SonMP3 is an MDP plugin for Gens/GS created by Cinossu that serves to replace and exceed Sonic 2 MP3 Tool by allowing MP3 music to be played instead of the regular in-game music. Currently in early alpha, and only configured for a single ROM hack, Sonic the Hedgehog 1 @ SAGE 2010, future releases will include the configuration files for other Sonic games.
There are two types of configuration file for SonMP3, the SonMP3 Main Configuration File, and each individual Game Configuration File. Please make sure to add an extra new line to the end of all configuration files, or else they may not load correctly into SonMP3.
The main configuration file (filename _sonmp3.cfg) consists of a Main section and a section for each individual game.
The Main section has two variables:
Enabled - Used by Gens/GS to turn the plugin's support on and off.
Total - The total number of games SonMP3 is set up to support.
Each individual game has the section title GameXX, where XX is a two-character hexadecimal number starting from 00 up to the total number of games - 1, allowing up to 256 supported games. Please be sure to give at least as many individual game sections as there are specified in the Main section's Total, otherwise the plugin will currently crash Gens/GS. Each game section consists of three variables:
Game - The name of the game being supported.
Serial - The internal ROM serial number (at address 0x180 in ROM and used by SonMP3 to determine whether to enable support for the currently loaded ROM or not).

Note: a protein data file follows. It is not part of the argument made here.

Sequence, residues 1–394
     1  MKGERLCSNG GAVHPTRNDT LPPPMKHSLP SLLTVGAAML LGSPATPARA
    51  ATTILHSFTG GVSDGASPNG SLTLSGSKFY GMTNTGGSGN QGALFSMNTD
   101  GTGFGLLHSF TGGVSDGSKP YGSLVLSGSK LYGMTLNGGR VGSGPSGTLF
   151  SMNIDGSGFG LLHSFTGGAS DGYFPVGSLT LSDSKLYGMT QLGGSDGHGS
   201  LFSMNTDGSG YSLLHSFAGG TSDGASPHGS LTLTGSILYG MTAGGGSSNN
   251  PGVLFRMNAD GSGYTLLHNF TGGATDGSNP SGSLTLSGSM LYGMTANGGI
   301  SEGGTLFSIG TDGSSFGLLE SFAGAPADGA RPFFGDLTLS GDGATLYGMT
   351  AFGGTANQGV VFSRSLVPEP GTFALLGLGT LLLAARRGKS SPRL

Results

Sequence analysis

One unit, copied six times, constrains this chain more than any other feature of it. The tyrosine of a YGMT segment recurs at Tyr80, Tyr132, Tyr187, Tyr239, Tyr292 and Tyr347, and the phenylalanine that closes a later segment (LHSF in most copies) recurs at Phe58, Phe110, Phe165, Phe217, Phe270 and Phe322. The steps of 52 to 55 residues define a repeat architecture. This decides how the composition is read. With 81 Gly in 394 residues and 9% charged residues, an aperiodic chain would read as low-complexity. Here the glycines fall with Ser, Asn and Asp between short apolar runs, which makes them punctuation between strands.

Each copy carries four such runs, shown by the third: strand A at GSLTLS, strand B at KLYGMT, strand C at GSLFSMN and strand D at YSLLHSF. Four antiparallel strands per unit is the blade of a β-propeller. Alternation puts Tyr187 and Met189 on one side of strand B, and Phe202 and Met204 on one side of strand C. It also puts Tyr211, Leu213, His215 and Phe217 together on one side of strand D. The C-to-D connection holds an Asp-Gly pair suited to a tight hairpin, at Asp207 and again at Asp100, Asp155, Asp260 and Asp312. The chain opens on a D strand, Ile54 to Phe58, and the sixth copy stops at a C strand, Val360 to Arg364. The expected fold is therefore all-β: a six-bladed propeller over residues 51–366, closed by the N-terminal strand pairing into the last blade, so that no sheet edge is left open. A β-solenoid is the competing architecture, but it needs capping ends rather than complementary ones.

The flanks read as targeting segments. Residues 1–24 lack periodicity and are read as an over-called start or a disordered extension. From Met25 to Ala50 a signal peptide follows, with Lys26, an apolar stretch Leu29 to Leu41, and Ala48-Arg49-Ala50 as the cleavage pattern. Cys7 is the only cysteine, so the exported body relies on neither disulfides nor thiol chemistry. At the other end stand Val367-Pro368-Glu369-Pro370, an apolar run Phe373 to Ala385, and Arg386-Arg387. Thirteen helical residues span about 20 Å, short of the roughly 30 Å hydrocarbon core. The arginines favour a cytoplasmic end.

Config - The filename (minus extension) of the individual Game Configuration File.
Each individual game's configuration files consist of two neccessary sections, Main and Audio, and several optional sections depending on what level of manipulation is needed to get SonMP3 to work with the game being supported.
The Main section has 4 neccessary variables and 5 optional variables, although for the alpha release all 9 are required to work correctly. They are as follows:
RAMAddress - Two bytes of free RAM in the game used by SonMP3.
PauseAddress - Address in RAM of the byte used to indicate when the game is Paused (to pause/resume music correctly).
MusicAddress - Address in RAM to watch for when music is played.
Replace - The amount of sections of code in-ROM required to be replaced/altered when SonMP3 is enabled (more on this later in this section).
Stop - Value reported to MusicAddress when music should be stopped.
Fade - Value reported to MusicAddress when music should be faded out.
SpeedFast - Value reported to MusicAddress when music should be sped up.
SpeedNormal - Value reported to MusicAddress when music should be returned to a normal speed.
ExtraLife - Specifically for Sonic games, value reported to MusicAddress for when an Extra Life is played. Used to add the additional previous music pause and fade back in once finished.
The Audio section contains the filenames to all the MP3s to be played by SonMP3. Please note, editing this file on the fly will not cause changes if a ROM is already loaded. You will have to reopen the ROM if you want to hear any changes.